After reading a story called “The Big Jump” as a child, she said, her outlook on the method to solving problems was changed.
“By the end of this story the character finds out that the big jump is just a series of little tiny jumps and then he was able to go to where he needed to go,” she said. “I think that’s one of the things I would like to bring to the college. Whatever the obstacle, it’s not a big jump, it’s just lots of little tiny jumps and if we can just keep after it we can overcome anything.”

With four children growing older and going through the educational system, Roach said her main motivation for running for seat No. 1 is to make SWC the best that it can be.

“This is a great opportunity, this is a great school,” she said. “ This was an opportunity and I wanted to be a part of it. To make it a better part of the community and a better part for my family.”

Roach said her prime focus is to help students achieve their goals.

“I’m willing to work hard for this and for the school so that people that want to get certificates and job training can do that, people that want to transfer to universities can do that, people that want to take swim classes can do that,” she said.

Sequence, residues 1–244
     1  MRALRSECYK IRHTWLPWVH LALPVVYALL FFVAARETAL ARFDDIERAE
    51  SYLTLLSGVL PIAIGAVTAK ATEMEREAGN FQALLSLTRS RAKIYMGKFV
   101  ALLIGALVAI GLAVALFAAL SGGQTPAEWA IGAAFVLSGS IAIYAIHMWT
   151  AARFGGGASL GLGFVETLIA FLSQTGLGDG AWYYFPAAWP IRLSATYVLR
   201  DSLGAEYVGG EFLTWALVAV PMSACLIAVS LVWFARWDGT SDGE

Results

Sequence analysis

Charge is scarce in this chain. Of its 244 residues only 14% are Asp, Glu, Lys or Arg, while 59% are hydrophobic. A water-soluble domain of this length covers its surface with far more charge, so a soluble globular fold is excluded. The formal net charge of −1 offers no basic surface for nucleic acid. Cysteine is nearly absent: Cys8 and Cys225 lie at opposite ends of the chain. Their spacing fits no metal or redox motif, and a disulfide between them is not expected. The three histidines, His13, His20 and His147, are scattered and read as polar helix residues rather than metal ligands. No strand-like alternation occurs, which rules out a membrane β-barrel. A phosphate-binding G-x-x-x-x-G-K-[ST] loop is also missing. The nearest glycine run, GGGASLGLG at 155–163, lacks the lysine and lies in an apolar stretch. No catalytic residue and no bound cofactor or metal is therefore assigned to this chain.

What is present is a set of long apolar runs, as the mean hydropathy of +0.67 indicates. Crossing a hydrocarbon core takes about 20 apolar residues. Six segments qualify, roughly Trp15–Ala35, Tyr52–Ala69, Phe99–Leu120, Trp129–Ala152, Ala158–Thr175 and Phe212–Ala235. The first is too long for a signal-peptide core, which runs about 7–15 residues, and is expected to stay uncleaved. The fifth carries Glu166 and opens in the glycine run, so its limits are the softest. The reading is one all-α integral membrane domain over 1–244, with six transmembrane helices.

One of the biggest issues Roach said she sees at SWC is low graduation rates. She expressed interest in seeing these rates increase. She said that there is a disconnect between students leaving high school and entering a community college. SWC needs more outreach to high schools, she said.

Technology can be better applied to help students find classes, she added.
“If we have one teacher we can open up a class in ways we couldn’t if we just had one classroom, 30 chairs,” she said, “but with technology we can make it available at more times and for more people.”

Roach said student success should be an issue a local community college should tackle in its own manner rather than only through legislative action at the state level.